Rita Watson MPH

With Love and Gratitude

20 Ways to Recover from Holiday Heartbreak

Recovery is possible and gratitude is a stabilizer.

Posted Dec 23, 2016

Source: wikicommons.org

It seems that this season to be merry is also a season of broken hearts.  While we think in terms of gift-giving and partying, for many singles it will be a time of heartbreak. There have been reports over the past five years — ranging from colleges to Facebook gurus — telling us that all the love that was once in the air has a way of evaporating in December and January. For some it will be a time of weeping and depression.  For others their broken heart will result in a trip to the emergency room, with what is known as stress cardiomyopathy, the broken-heart syndrome.  Still others will rebound.

Ending a relationship is rarely easy. “Some women mourn the relationship even before saying or hearing the words, “It’s over.” Why is this so? When a relationship is ending, women know intuitively as Yale physicist Henry Morganeau pointed out to us many years ago in Einstein's Space and Van Gogh's Sky: Physical Reality and Beyond.

Before the ending, women often try to analyze or fix the problem. Then there comes the realization, you are being dumped. Is there any way to mitigate the sadness?

Gary W. Lewandowski Jr., a psychologist at Monmouth University, has reported on coping strategies to promote positive outcomes. He believes in the gratitude journal. Researchers found:

. . .that those who focused their writing on the positive aspects of their break-up (factors leading up to the break-up, the actual break-up, and the time right after the break-up) reported experiencing more positive emotions regarding their relationship's end and did not experience an increase in negative emotions. The increased positive emotions included feelings such as: comfort, confidence, empowerment, energy, happinessoptimism, relief, satisfaction, thankfulness, and wisdom. (Lewarndowski 2009)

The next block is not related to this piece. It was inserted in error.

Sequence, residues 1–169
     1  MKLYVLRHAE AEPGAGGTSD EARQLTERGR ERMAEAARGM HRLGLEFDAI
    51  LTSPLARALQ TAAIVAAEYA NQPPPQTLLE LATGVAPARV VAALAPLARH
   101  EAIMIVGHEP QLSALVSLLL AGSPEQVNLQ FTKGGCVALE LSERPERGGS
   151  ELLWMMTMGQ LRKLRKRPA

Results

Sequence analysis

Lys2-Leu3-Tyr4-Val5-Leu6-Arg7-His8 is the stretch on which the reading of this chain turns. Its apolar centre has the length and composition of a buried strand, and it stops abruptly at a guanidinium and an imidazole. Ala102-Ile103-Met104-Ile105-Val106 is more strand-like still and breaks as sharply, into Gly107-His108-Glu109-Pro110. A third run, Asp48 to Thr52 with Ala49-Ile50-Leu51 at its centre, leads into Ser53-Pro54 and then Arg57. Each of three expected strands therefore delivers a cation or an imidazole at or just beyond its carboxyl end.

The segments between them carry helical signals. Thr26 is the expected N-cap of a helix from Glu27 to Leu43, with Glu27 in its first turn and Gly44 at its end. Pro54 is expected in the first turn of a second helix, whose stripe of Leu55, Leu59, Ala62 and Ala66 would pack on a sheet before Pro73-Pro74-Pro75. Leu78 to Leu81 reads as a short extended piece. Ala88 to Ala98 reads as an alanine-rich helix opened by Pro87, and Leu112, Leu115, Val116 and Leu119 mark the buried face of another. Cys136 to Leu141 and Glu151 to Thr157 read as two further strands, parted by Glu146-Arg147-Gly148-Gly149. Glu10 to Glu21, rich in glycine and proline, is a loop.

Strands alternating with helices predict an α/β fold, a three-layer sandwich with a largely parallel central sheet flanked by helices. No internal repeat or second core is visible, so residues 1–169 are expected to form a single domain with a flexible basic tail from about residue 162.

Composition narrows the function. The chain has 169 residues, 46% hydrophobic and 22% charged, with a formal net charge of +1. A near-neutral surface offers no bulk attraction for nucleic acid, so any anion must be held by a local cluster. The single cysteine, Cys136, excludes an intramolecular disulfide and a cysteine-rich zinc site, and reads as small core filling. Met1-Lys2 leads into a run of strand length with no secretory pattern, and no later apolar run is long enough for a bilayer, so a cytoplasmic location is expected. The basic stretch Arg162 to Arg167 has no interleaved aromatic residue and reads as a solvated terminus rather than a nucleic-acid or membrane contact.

But sometimes, you need to go through a process of mourning and then recovery. 

  1. Mourn. Cry. Be sad. Hide under the covers – but for no more than three days.
  2. On day four, or even sooner, be grateful.
  3. Try using a Gratitude Journal.
  4. Consider recounting at least two special moments that you shared together for which you will always be grateful.
  5. Start every day thereafter with gratitude: By expressing gratitude you remind yourself of the good times you shared and how you have been freed to find a new love who values you, a love whom you value.
  6. Resist the temptation to talk unkindly about your ex-love: Speaking kindly will encourage you to maintain a positive focus.
  7. Practice image replacement: If you find yourself feeling alone and falling into a dark hole, find a photo of yourself when you were happy and in love.  Focus on the inner you, the person you know to be lovable and deserving of new love.
  8. Stay off social media: If seeing smiling friends and new hook-ups are hurtful, take a vacation from all the sites.
  9. Be careful about expectations: When you meet someone new, be careful that you do not impose expectations upon the person. For example, if you wanted a more loving relationship because your previous relationship lacked warmth, do not see a romantic in someone who simply squeezes your hand. And be suspicious of too much by way of public displays of affection.
  10. Flirt: If you go to a social media site and see someone who interests you, connect and be positive rather than recounting all the reasons for your recent break-up. Smile broadly and flirt.
  11. Trust your judgment: If something doesn't feel right, then turn away. Think in terms of weighted averages. If you find a new person who has everything you ever wanted on your wish list, but he/she is married for example, that one factor outweighs all the positives and that person should come off the list -- immediately.